At Settlement Home, students always start and end their classroom sessions on a good note.
“The teachers provide a very welcoming environment,” says Tonya King, associate principal of the UT-University Charter School (UT-UCS) located within the facility. “They give students the opportunity to share one good thing about their day at the start or toward the end of every class.”
The homelike atmosphere can be therapeutic for the students who are currently in the care of Child Protective Services. The Austin-based residential treatment facility is a temporary home for 37 young women (grades 7-12), half of whom require special education services. Students are placed in small classroom settings and regularly meet with an academic transition counselor who works alongside their teachers and therapists on individualized academic plans.
As part of its mission, the school works to create safe environments and hold high expectations for both students and teachers. UT-UCS Executive Principal Holly Engelman says she can see the teachers’ impact when students are fully engaged in the classroom.
“It’s so rewarding when you see the light that goes on when they have that ‘aha moment,’” Engelman says. “When they start realizing their potential, we tell them, ‘Yes you can do this—and you can finish school and succeed in life.’”
Among the school’s many resources, students have access to field trips, tutorial sessions, special interest clubs—from running to yoga to dance. They can also participate in extracurricular sports such as ultimate frisbee and kickball. Many of these enriching activities are made possible by the school’s generous community of volunteers. Many volunteers work in committees to support various programs and organize fundraisers such as the big garage sale that happens at the Palmer Event Center every year.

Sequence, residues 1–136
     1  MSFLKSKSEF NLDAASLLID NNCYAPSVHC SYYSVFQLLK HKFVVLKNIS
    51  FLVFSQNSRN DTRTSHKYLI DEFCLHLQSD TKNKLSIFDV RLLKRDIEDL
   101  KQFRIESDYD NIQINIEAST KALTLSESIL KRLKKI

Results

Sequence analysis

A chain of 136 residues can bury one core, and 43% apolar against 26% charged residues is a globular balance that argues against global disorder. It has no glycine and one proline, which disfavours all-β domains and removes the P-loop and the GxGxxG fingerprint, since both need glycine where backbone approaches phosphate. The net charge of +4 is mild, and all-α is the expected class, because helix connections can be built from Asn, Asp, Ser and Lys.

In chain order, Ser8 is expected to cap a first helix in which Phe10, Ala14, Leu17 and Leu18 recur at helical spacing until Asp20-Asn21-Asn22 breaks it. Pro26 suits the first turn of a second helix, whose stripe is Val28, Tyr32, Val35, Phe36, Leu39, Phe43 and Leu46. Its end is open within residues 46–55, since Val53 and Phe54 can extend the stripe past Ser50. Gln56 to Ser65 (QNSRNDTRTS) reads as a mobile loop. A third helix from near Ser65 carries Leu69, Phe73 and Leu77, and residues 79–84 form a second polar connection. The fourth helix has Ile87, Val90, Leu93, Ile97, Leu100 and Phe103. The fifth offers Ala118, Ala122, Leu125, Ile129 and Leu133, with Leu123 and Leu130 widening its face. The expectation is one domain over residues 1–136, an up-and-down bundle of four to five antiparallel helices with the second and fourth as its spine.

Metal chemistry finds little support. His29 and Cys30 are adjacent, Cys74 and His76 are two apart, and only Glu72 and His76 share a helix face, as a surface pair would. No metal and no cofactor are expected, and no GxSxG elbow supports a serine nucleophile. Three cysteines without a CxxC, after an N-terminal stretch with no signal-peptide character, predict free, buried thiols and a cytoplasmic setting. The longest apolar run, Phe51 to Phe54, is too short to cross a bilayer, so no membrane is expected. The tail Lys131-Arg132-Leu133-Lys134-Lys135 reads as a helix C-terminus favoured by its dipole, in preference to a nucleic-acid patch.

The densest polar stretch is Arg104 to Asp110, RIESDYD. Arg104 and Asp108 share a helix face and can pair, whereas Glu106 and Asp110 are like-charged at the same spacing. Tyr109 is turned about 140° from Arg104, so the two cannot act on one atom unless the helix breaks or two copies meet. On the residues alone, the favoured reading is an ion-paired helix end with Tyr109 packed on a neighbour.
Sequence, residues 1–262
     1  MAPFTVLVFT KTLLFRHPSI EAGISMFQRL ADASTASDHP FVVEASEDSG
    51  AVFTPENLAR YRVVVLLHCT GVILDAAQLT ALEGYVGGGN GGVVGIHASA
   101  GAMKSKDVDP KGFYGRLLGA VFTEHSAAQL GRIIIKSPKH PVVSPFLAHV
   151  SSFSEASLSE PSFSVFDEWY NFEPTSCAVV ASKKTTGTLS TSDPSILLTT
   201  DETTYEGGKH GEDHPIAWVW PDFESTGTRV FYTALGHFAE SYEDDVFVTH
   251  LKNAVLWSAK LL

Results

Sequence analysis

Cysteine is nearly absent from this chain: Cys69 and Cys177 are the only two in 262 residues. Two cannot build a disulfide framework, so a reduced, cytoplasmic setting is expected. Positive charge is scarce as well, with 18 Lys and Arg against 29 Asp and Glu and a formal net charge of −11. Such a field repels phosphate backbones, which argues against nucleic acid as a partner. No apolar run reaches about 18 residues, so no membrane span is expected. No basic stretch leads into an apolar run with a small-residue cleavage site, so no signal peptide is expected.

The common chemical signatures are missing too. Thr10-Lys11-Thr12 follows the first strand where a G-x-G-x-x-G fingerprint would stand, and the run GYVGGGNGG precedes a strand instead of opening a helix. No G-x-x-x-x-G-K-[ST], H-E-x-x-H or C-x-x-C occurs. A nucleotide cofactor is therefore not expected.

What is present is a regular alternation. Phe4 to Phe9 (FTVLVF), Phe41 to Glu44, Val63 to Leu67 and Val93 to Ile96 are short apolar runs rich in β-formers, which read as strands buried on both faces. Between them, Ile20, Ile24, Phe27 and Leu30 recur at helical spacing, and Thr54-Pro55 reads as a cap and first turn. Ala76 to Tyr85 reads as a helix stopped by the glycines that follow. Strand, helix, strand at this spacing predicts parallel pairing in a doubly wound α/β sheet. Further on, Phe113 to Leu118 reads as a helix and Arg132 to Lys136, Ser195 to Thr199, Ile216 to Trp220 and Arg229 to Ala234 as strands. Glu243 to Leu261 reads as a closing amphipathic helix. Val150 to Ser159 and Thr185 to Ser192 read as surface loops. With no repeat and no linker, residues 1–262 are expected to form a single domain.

“We are so thankful for the hundreds of volunteers who are so dedicated and organized,” Engleman says.
Surrounded by supportive volunteers, faculty and staff, the students quickly learn that their achievements—both large and small—will be recognized and celebrated. The goal, Engleman says, is to keep them motivated and on the path to graduation. And when that day comes, students have their own cap-and-gown ceremonies.
“Each student gets to give a speech at their individualized graduation ceremony,” Engleman says. “They get the flowers, the balloons, the music—they even get to choose a teacher to give a keynote speech.”
After graduation, the Settlement Home facility provides transitional housing options for those who aren’t quite ready to live independently. Engleman says it’s especially rewarding when former students return to the school to give motivational talks.
“It’s really helpful when our graduates come back to encourage students to take advantage of the resources we have to offer,” Engleman says. “It’s good for the girls to hear from someone their own age about why they need to start thinking about their future.”